This is not your typical Model 1911. No, it’s quite far from John Browning’s famous .45 ACP pistol. The Winchester Model 1911 SL is a semi-automatic shotgun designed to compete with Browning’s own A5. In fact, Winchester created the Model 1911 SL because of a disagreement with John Browning over his A5 design and the way in which Browning would receive compensation.
Winchester might have lost John Browning, but they did have T.C. Johnson who would later design the Model 12—a pump shotgun widely considered to be the very best pump shotgun up until the Model 870 from Remington came to be. The Model 1911 SL had to be designed without running afoul of any of Browning’s patents on the A5. Winchester actually wrote the patents, as they typically did for Browning, as Winchester would purchase all the designs he pitched.
That meant the patents were pretty bombproof. T.C. Johnson had an unfair task ahead of him and one that would take a decade to complete. The patents by Browning included lots of little things, and the one that affected the Model 1911 SL the most well-known is the charging handle. Browning had the patent on a charging handle attached to the bolt of a shotgun. How would the Model 1911 SL function?
Well, T.C. Johnson found a way, and it worked, but it cemented the position of the Winchester shotgun as an interesting piece of history.
Model 1911 SL Running and Gunning
The shotgun certainly looks a bit like the A5 and features that eye-catching humpback design. SL stands for Self-Loading, and the gun is fairly standard. The weapon has a tubular magazine that holds five rounds. The weapon uses an old-school long recoil action. With a long recoil action, the barrel and the bolt recoil together to the end of the recoil action. A spring propels the barrel forward, and the bolt remains to the rear until the barrel is completely forward.
As the barrel moves forward, it ejects the empty casing, and the next cartridge is positioned to be loaded into the chamber. The next round is picked up and loaded into the chamber as the bolt moves forward. It’s simple but effective, although outdated by modern standards.
That’s how the weapon cycles, but how does the first round make it to the chamber? At first glance, it appears that the charging handle is missing. However, the gun doesn’t have a charging handle. Instead, Winchester textured a portion of the barrel for the user to grip and push rearwards. When it is released, the first round loads.
Charging the Model 1911 SL
That is an interesting way to solve a complicated problem. This odd method of charging the weapon helped the weapon earn the nickname ‘Widowmaker.’ Legend goes that paper hulls would swell and jam in the chamber. This made it tough to clear.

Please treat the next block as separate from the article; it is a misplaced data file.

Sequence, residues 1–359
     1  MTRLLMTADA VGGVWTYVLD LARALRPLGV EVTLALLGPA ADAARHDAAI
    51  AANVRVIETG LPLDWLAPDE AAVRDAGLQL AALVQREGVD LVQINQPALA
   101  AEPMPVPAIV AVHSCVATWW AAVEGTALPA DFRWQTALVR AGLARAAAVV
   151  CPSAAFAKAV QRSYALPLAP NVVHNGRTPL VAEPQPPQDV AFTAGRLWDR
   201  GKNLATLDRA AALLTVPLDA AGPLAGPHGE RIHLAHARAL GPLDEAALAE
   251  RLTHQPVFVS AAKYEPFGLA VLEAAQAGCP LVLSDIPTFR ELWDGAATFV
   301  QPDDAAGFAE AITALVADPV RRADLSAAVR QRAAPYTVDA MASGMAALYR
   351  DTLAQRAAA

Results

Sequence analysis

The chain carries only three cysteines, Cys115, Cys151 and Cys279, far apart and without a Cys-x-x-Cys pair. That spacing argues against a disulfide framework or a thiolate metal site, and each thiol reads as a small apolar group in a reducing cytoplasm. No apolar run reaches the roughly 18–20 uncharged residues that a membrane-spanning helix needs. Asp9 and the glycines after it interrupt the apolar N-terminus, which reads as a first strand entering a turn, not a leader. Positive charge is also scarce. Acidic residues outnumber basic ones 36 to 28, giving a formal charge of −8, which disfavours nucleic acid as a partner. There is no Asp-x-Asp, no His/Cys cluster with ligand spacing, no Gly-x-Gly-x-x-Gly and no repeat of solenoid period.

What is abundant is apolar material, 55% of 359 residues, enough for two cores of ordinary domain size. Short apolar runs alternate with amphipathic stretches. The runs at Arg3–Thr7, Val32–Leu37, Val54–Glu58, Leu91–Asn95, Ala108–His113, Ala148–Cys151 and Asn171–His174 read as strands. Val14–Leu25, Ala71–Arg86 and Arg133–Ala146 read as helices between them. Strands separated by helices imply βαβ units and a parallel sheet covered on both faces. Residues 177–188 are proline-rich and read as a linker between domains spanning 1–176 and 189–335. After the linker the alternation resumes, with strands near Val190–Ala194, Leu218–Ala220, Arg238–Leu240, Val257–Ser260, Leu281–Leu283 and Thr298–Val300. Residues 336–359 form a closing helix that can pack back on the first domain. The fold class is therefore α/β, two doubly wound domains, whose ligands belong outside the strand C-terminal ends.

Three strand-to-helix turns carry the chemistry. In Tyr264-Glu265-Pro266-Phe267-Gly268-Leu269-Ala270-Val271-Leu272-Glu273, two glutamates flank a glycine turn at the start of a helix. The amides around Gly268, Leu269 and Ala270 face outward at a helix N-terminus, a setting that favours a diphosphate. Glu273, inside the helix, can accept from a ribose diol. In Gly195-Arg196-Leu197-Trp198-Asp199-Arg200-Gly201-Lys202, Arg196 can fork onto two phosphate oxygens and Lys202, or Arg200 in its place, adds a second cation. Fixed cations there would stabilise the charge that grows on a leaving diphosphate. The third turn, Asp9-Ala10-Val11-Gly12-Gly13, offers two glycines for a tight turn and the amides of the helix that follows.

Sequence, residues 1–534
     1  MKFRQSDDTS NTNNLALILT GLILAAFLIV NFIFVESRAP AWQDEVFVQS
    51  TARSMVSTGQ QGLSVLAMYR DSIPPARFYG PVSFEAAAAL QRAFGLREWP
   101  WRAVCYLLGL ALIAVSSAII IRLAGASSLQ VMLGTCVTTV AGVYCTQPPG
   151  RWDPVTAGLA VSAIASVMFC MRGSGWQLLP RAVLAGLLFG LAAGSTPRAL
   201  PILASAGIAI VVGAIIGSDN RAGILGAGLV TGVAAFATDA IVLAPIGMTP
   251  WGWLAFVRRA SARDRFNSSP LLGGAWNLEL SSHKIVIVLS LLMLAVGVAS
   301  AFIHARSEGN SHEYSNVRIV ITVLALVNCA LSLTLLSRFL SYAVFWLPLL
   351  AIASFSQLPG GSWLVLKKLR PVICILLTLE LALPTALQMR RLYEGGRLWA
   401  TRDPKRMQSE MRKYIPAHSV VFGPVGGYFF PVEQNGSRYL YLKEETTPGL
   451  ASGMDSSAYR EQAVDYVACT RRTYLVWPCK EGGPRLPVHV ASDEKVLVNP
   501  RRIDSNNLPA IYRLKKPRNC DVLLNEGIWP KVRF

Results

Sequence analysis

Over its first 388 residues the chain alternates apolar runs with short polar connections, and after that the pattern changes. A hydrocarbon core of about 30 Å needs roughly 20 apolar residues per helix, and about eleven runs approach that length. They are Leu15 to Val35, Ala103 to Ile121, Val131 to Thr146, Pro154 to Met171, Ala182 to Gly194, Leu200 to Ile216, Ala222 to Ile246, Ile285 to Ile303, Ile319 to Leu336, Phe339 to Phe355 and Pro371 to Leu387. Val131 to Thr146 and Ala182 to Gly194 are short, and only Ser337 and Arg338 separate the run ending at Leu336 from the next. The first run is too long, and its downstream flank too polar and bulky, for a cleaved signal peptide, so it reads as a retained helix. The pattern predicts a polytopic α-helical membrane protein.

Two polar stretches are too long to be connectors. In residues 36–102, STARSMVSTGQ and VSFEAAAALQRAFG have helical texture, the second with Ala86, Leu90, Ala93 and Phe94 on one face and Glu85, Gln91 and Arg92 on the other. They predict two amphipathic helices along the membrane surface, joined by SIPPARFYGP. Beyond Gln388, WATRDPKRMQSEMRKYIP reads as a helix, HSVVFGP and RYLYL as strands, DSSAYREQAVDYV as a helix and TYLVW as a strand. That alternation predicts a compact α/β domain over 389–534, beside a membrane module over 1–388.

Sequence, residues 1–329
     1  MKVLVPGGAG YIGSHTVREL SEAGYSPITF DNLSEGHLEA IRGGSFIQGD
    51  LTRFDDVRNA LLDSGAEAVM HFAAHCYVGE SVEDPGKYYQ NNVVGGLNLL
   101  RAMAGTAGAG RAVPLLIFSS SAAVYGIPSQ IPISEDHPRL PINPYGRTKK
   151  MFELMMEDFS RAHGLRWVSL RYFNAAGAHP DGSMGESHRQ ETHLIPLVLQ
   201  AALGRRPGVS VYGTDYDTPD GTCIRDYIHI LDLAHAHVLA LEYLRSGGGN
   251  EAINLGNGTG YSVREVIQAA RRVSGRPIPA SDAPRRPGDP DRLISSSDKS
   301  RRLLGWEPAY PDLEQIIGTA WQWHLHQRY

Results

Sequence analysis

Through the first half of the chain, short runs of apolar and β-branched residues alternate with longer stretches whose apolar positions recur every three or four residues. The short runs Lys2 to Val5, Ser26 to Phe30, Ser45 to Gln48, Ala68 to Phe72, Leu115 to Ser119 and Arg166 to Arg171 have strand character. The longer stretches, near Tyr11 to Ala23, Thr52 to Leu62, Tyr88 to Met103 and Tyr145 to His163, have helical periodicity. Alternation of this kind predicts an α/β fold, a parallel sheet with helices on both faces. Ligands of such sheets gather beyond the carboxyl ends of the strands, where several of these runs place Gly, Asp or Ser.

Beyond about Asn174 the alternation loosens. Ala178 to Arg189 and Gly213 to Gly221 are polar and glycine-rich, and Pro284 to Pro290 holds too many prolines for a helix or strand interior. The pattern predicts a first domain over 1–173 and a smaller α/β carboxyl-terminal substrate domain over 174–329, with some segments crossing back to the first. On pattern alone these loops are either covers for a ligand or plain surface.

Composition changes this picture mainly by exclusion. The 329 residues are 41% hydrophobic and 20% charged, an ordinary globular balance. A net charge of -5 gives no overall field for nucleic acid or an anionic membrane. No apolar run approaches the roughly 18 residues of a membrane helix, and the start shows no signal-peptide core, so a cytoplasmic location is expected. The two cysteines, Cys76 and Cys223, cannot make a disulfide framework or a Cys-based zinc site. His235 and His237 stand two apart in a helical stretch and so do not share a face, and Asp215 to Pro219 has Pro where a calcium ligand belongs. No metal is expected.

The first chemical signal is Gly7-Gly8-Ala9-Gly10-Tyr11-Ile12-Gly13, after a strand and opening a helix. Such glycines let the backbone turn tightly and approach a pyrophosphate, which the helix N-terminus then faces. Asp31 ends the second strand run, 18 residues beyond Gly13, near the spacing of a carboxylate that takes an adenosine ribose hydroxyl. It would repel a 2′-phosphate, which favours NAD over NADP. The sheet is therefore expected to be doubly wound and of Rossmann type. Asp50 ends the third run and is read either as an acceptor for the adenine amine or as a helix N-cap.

Supposedly, not-so-smart shooters would brace the gun against the ground to gain extra leverage and press the barrel downwards, with effort, to free the stuck shell. Sometimes the gun went off and injured or killed the shooter. I could see it happening, but I couldn’t find any documented stories.
I did find a story about four police officers being wounded by a Model 1911 SL. They were attempting to clear confiscated firearms, and the Winchester was in the pile. The weapon discharged and the officers sustained minor injuries.
Admittedly charging the weapon can be fairly difficult to do safely. It can be safe but it’s tough to do while pointing the weapon in a safe direction. I’m a good-sized guy, and my long arms make it possible to point the weapon to the dirt, but this wouldn’t be the case for everyone.
Another option is to use the bolt lock to complicate the loading of the gun. Load the magazine tube, lock the bolt to the rear, point into the dirt and release the bolt. Top off the magazine and call it a day. That’s still awkward. That bolt lock would be handy if you were shooting high volume and the barrel was getting hot.
On the last shot, remember to engage the bolt lock before you fire. This makes it easy to port load and reload the magazine. If not, get an asbestos glove to work that hot barrel.
Winchester’s Odd Shotgun
Another Browning patent was the use of metal friction rings. Winchester used fiber friction rings, which worked until they fell apart. Sadly, they never lasted long, and the harsh recoil would get worse. The heavy recoil could eventually crack the stock. That sucks, so if you get a Model 1911 SL, you need to check those rings or just fire light loads.
One neat feature was the takedown capability. You could disconnect the stock and trigger from the receiver and barrel portion. To do so, all you need to do is unscrew a small bolt at the rear of the gun. Once split, the gun comes apart and shrinks in size.
Internally the gun features an interesting bolt design. The bolt has a rat tail which imparts into the recoil spring housed in the stock. A very similar design has been used in the FN FAL and FightLite SCR. It’s neat to see in a gun from 1911.
Shooting the Old Warhorse
Oooh boy, the other nickname for the Winchester Model 1911 SL is the skull cracker. I see why. The friction rings in my gun are basically gone. I just shoot soft loads only through the gun, and they tend to buck and bite a little bit. It’s not always nice, but it’s also a gun I’m not going to shoot often. The Model 1911 SL is a cool part of history, but for me, it’s a safe queen.
The Model 1911 SL used laminate furniture, which was a novel concept at the time. The furniture still looks fantastic and has so much character that I can’t help but love the gun. It’s almost like you can feel the frustration of T.C. Johnson.
At least he was able to create the Model 12, which is a gun anyone would be proud to have as a legacy firearm.
Would I suggest the Winchester Model 1911 SL to most people? No. The design isn’t great, and it’s a hefty recoiling gun that does nothing that other semi-autos can’t do more efficiently. For shotgun nerds, it’s a fun collectible, and interesting piece of scattergun history.